During non-COVID times, the parking lot is often full. A building would cause the loss of an estimated 40% of parking spaces to structural supports, lobby, utility room, stairwells, elevators, etc.  Piedmont Avenue merchants are currently being polled regarding the proposal.
The city's Revenue and Parking Departments are also looking at potential impacts of the project because it is the business license taxes, payroll taxes, sales taxes, and parking meter income from busy commercial districts like Piedmont Avenue that help pay for city services we all count on.
Please do share the PANIL newsletter in its entirety with your neighbors, but do not reprint articles without permission. Because we want to maintain PANIL's long reputation for integrity and accuracy, we want to emphasize that we did not create the flyer. Info about PANIL meetings and activities is at
Help Wanted
Two Openings on the Board of Friends of PAL
Friends of Piedmont Avenue Library is a nonprofit community organization that supports our local branch of the Oakland Public Library, the Piedmont Avenue Library (PAL).  It is a group of community members who are passionate about our neighborhood library and use our diverse skill sets (in Government Relations, Finance, Marketing, etc.) to advocate for PAL.  We are seeking a Treasurer and a Social Media Content Manager.

• Knowledge of accounting practices and record keeping
• Ability to provide financial oversight and management
Roles and responsibilities:
• Serve as a Corporate officer, attend and participate in Board and General Meetings
• Be responsible for all financial affairs of Friends of PAL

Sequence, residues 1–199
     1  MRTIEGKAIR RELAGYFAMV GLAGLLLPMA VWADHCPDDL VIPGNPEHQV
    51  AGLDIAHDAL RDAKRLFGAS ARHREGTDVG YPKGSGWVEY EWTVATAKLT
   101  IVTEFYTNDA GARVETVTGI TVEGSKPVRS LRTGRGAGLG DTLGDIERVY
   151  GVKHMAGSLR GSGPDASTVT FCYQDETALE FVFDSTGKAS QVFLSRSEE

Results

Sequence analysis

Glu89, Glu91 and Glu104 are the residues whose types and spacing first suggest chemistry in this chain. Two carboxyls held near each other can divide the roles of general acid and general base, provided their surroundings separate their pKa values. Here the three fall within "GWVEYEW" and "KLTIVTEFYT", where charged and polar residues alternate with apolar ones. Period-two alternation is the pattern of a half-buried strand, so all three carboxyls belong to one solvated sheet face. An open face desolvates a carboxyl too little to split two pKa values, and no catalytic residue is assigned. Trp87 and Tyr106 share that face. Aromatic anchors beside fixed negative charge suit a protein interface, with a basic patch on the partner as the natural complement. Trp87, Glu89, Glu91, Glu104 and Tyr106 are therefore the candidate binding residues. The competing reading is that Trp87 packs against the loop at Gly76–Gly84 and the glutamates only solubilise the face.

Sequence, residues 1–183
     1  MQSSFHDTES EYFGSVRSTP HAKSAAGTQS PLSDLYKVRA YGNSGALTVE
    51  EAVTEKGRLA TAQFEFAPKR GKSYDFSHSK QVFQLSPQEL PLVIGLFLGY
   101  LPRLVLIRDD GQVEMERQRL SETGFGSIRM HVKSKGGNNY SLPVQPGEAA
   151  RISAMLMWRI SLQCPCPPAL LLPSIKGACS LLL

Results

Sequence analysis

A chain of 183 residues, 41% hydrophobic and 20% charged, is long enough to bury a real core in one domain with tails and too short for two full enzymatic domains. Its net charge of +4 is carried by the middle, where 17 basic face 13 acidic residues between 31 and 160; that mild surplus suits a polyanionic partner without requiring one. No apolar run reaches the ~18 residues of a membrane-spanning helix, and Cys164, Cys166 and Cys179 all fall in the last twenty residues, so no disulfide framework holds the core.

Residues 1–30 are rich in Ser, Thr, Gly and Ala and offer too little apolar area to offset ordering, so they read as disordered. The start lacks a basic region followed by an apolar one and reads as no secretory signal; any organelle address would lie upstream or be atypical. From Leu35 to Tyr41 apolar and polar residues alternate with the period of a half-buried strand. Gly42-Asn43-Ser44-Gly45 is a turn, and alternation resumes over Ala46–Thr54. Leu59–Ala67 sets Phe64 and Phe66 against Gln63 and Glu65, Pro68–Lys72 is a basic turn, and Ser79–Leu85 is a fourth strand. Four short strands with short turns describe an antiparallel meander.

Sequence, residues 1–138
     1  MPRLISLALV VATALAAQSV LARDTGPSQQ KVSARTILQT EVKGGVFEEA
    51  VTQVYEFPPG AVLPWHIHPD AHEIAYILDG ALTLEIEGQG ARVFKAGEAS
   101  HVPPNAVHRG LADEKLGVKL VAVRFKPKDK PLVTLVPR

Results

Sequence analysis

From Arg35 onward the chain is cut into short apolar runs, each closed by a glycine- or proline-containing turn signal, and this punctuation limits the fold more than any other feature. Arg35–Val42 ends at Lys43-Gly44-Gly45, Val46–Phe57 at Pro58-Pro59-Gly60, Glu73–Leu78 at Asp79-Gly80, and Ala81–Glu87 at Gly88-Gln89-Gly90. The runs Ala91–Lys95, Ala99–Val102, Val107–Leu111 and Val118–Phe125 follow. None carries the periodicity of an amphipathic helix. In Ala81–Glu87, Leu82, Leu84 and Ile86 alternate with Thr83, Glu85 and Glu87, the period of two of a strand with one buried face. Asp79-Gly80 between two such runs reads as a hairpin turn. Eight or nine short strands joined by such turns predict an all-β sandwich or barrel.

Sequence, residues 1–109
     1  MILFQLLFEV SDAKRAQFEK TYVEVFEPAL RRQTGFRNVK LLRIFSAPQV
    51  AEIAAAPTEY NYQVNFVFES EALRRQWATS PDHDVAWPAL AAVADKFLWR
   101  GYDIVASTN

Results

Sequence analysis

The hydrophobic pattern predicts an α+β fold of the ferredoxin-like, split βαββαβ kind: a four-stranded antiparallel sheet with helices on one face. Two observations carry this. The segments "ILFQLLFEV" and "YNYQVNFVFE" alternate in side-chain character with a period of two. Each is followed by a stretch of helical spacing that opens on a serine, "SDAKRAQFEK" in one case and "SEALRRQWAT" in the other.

• Collect and disburse funds
• Monitor the acceptance of gifts to assure compliance with our policy
• Prepare regular financial reports to the Board and prepare the reports required for the State and Federal filings
• Work with Fundraising Committee to project cash needs and funding sources

As our Content Manager, you will be responsible for managing digital content for Friends of PAL across our social media channels: Facebook, Instagram, Twitter. You will be updating each of these digital channels on a weekly basis to make sure our community stays up to date about the latest happenings at the library. You will have creative license to develop and post fun, uplifting content to make our social channels into inspiring, vibrant destinations that will draw readers and keep them connected to what’s going on at PAL. Working with other board members, you will be responsible for the content on our website and monthly HOOT newsletter.

• Experienced in creating compelling content for social media channels, ideally for community-based audiences
• Able to use WordPress and familiarity with content management tools
• Creative storyteller who can tap into human emotion
• Organized, with a detail-oriented work style
• Able to collaborate with good communication skills